Harwood Museum

of the University of New Mexico

Taos, NM


Harwood Facade, photo by John Rudiak, 1998


Chuck Close at The Harwood Museum


An exhibition of works by Chuck Close featuring a 1998 painting of Agnes Martin will be shown at the Harwood Museum in Taos, opening May 7, 2000 through July 9, 2000, with a reception on Sunday, May 7 from 3-5pm, This exhibition, the first in New Mexico to feature Close, scans 15 years of one of America's most important painters. Known for his unique paintings of colleagues and friends, Close has transcended the genre of portraiture by creating bold images that vacillate between representational and abstract. The pivotal piece in the exhibition is a large canvas of Taos resident and internationally acclaimed Minimalist artist Agnes Martin, on loan from a private collection. Also included will be works on paper including drawings, etchings, linoleum block prints, a color woodcut, and finger print portraits.

Close, a graduate of Yale School of the Arts, moved to New York City in 1967. In 1970, he had his first one person show from which the Whitney Museum of American-Art purchased a large black and white painting of Phillip Glass. Since that time, Chuck Close's work has been added to the collections of major museums throughout the world. His unique paintings take up to four months to complete. Close's paintings begin with a large Polaroid photograph which he then transfers to the canvas or paper by means of a grid. Each square is then reproduced, creating a complete portrait made up from hundreds of individual 'tiles.' (left: Agnes, 1998, oil on canvas, 102 x 84 inches, Private collection)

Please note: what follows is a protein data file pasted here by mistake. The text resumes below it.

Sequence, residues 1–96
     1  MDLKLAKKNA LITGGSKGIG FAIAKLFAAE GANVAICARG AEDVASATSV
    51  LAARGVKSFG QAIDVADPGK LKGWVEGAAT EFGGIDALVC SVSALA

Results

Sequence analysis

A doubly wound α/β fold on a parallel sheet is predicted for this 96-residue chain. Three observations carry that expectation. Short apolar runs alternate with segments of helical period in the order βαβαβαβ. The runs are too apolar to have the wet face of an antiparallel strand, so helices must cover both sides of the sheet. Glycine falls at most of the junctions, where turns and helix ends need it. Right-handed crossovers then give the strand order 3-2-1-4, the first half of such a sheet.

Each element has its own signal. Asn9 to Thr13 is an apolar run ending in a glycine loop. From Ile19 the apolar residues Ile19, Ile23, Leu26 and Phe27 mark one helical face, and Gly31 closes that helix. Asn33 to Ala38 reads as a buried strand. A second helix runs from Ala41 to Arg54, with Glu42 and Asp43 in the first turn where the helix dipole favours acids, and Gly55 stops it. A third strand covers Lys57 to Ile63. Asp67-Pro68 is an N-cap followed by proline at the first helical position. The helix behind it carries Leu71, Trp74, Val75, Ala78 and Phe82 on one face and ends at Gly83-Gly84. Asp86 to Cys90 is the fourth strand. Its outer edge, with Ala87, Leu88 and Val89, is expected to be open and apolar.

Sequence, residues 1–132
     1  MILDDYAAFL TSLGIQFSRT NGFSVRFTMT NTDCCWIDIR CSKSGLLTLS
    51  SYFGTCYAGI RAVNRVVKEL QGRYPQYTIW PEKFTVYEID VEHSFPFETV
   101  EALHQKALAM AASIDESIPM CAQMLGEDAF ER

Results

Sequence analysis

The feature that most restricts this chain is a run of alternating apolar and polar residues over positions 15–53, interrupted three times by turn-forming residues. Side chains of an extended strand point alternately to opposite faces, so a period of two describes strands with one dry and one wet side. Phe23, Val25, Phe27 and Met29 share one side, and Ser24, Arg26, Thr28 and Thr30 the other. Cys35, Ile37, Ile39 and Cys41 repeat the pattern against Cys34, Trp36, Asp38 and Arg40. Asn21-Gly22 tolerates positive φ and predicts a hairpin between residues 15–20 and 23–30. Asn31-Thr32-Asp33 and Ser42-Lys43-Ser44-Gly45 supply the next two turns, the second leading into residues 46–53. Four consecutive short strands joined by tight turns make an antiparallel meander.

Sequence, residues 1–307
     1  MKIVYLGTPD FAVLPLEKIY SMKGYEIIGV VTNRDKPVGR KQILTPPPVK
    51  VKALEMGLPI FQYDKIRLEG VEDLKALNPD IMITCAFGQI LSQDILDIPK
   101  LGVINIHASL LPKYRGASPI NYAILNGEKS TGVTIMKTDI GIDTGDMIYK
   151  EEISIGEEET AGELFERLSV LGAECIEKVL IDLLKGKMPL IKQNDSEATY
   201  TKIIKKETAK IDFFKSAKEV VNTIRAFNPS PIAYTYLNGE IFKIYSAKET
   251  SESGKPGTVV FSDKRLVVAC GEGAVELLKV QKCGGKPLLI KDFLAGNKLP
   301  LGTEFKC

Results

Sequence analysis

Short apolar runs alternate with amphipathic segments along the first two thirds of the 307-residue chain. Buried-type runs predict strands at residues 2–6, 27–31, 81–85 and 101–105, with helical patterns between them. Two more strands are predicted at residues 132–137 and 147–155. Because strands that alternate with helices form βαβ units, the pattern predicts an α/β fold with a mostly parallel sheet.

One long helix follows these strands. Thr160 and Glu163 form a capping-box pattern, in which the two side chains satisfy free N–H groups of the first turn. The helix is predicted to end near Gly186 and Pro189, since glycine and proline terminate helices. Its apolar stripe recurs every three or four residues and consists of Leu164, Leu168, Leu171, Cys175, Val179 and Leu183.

Over the past three decades, Close has experimented with various mediums and methods, from his early black and white airbrushed works, to using an ink pad and his fingerprints, to paper pulp, as well as, more traditional methods of drawing and various print techniques. Today, Close's work is more colorful, each grid has become its own microcosm of color and organic shape. As with all of his work, the paintings take shape on two levels, when viewed up close they appear as abstract shapes and colors, yet when viewed from a distance the individual pieces magically come together into an uncanny likeness of the subject.

Also on view: "Multiple Impressions - Native American Artists and The Print," organized by The University of New Mexico Art Museum, featuring lithographs created by Native American artists at the Tamarind Institute between 1970 and 1999. Opening reception April 2, 2000, on view through June 11, 2000.

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